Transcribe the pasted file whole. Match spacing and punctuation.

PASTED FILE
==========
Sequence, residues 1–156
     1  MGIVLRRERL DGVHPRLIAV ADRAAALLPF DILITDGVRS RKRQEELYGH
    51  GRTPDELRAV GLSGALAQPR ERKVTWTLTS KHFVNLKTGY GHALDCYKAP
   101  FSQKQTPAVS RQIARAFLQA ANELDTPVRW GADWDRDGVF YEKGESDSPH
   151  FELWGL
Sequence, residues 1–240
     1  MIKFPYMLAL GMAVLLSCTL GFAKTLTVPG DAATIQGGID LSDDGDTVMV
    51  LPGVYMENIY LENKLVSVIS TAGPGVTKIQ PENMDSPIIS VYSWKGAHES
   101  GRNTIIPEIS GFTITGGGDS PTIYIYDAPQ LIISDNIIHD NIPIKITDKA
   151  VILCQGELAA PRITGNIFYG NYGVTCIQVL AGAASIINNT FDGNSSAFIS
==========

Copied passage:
Sequence, residues 1–156
     1  MGIVLRRERL DGVHPRLIAV ADRAAALLPF DILITDGVRS RKRQEELYGH
    51  GRTPDELRAV GLSGALAQPR ERKVTWTLTS KHFVNLKTGY GHALDCYKAP
   101  FSQKQTPAVS RQIARAFLQA ANELDTPVRW GADWDRDGVF YEKGESDSPH
   151  FELWGL
Sequence, residues 1–240
     1  MIKFPYMLAL GMAVLLSCTL GFAKTLTVPG DAATIQGGID LSDDGDTVMV
    51  LPGVYMENIY LENKLVSVIS TAGPGVTKIQ PENMDSPIIS VYSWKGAHES
   101  GRNTIIPEIS GFTITGGGDS PTIYIYDAPQ LIISDNIIHD NIPIKITDKA
   151  VILCQGELAA PRITGNIFYG NYGVTCIQVL AGAASIINNT FDGNSSAFIS